ACUTE BACK PROBLEMS
by Serge MAKOVETZ, BSc, MBChB, Dip. Spots Med.
Back pain is often categorized into two main types: acute and chronic. Although relative terms, acute is often used to describe a condition that comes on suddenly and lasts for a 4-6 weeks. It is not necessarily more severe than a long-term, or chronic, problem but often requires immediate treatment. Acute and chronic problems are not totally distinct, in that the former often arise as a result of weaknesses caused by an underlying chronic condition or weakness of the supporting structures of the spine. If unresolved, an acute problem may progress to become a chronic one. Research shows that maintaining the mobility of the back with exercise and an early return to normal activities is the best way to prevent this.
Most common acute back problems are caused by an injury or a strain. This can occur when a facet joint is normal range of movement. Such strains may be the result of incorrect lifting position fall or an awkward movement – for instance, while playing sport.
How serious is your problem?
When you are suffering from back pain, the first priority is to assess the severity and possible cause of your problem. This is important in deciding what action you can take for yourself or whether you need to seek the advice and help of a spine-care practitioner.
It is also important to consider the possibility of a non-spinal cause of back pain. Occasionally certain conditions affecting the internal organs can also cause pain in the back. These include kidney infections and gynecological problems. In such cases you may experience other symptoms in addition to having pain in the back. If you are unwell and also experiencing severe back pain it is therefore important that you consult your doctor.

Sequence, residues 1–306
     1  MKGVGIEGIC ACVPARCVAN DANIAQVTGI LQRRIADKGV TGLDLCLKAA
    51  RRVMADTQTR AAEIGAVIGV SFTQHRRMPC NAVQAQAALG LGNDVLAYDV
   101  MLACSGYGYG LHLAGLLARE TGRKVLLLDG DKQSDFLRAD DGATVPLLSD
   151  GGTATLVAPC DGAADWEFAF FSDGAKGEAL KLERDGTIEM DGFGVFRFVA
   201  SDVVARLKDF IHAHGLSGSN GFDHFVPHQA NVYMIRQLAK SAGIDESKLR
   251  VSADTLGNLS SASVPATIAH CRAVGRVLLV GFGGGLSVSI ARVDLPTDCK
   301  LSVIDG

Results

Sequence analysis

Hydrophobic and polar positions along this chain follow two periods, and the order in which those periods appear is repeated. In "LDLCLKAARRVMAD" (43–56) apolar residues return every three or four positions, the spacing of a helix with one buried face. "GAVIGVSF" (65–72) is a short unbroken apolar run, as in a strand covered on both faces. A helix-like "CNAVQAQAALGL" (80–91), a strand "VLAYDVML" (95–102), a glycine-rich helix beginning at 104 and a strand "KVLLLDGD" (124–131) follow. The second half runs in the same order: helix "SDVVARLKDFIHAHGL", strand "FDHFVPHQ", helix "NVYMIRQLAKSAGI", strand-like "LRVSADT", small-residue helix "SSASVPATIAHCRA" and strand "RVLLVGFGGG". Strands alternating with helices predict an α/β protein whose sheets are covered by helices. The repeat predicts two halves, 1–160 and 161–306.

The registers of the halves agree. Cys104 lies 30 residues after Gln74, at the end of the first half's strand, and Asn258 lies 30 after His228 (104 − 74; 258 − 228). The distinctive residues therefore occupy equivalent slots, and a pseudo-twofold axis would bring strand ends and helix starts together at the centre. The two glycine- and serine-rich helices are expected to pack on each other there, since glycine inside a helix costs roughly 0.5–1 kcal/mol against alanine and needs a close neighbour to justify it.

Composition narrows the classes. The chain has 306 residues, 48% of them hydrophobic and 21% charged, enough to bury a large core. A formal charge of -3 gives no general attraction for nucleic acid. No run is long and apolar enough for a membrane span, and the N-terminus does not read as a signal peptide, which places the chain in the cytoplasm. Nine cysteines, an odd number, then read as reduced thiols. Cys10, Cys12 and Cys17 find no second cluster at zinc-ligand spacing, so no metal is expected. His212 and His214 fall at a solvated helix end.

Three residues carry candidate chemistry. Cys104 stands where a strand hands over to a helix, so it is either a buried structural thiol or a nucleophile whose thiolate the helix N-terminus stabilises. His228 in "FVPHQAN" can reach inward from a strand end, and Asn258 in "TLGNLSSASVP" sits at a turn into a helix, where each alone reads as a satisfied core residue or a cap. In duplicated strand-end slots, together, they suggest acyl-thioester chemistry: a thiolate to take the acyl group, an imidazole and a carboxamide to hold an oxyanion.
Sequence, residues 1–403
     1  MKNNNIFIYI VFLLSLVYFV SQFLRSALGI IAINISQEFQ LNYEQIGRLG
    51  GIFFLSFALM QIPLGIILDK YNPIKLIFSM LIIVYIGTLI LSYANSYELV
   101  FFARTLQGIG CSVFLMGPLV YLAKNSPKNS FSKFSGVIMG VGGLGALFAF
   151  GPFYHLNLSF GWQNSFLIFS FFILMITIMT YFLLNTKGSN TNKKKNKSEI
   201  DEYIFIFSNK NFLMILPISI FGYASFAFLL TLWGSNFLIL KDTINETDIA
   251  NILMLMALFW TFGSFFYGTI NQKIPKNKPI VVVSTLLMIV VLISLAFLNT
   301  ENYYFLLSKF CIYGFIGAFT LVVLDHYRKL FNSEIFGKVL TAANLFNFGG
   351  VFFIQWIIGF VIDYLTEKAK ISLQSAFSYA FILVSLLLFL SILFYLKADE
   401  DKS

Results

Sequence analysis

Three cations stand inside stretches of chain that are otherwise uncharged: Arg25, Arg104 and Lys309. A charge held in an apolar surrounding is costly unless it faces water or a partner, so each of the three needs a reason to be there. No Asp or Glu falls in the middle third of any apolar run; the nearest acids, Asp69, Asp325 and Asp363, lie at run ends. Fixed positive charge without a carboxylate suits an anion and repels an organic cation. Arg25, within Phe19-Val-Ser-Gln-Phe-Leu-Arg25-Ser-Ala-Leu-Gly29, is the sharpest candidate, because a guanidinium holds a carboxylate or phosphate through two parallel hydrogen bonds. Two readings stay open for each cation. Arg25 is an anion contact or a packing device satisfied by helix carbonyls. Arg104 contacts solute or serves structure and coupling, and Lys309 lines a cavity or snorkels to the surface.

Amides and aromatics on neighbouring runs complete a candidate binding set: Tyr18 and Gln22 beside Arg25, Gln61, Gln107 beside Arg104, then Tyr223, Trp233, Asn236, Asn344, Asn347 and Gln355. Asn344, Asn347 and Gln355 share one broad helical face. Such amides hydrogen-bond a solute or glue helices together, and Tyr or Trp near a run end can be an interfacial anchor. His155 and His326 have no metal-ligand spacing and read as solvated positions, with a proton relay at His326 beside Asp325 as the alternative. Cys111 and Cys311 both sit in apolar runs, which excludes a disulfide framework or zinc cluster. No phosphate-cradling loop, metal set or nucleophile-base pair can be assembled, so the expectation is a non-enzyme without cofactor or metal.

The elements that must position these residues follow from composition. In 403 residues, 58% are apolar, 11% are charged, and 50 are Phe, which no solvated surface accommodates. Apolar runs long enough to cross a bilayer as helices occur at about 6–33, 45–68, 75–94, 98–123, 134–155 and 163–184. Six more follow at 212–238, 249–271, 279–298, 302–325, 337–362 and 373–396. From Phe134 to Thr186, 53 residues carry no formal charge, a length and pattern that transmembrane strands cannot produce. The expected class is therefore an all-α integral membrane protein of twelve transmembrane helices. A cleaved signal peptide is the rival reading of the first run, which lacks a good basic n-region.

If this is the first time you have experienced this particular back problem or it represents a recent, severe flare-up of a previous back problem, then for the purpose of initial management it should be considered an acute problem.
Consult your spine-care provider at once if you are experiencing acute back pain and if:
- Pain follows an injury or fall and you also have pain or numbness in, or difficulty moving, an arm or a leg.
- You have impaired, or loss of, bladder control.
- You have a fever, feel generally unwell and have a severe headache or other symptoms, such as a change in bowel habit.
- You are over 60 or have been immobilized by illness or injury or taking steroids for many years.
- You have chest pain or pain in your left arm.
- You are pregnant.
If none of the above applies to you, try the immediate action measures recommended below.Consult your back-care practitioner for an assessment of your back as soon as you are reasonably mobile.
An attack of acute back pain can be severe and disabling. It may immediately follow a strain, such as lifting an excessively heavy load or a fall. Sometimes, however, the effects of the injury may not become apparent until you wake the following morning and experience difficulty in getting out of bed because of pain and stiffness. In either case there are several measures you can rake to help relieve your symptoms and prepare yourself for an exercise program to speed recovery.
In general, any period of rest following an acute back problem should not last for more than 24-48 hours. Even during this rime try to encourage, if the pain allows some movement in your back – you may be able to do a gentle knee hug lying on your side. Once the pain has abated so that you can undertake a greater variety of movements, you can start to mobilize your back with some gentle exercises.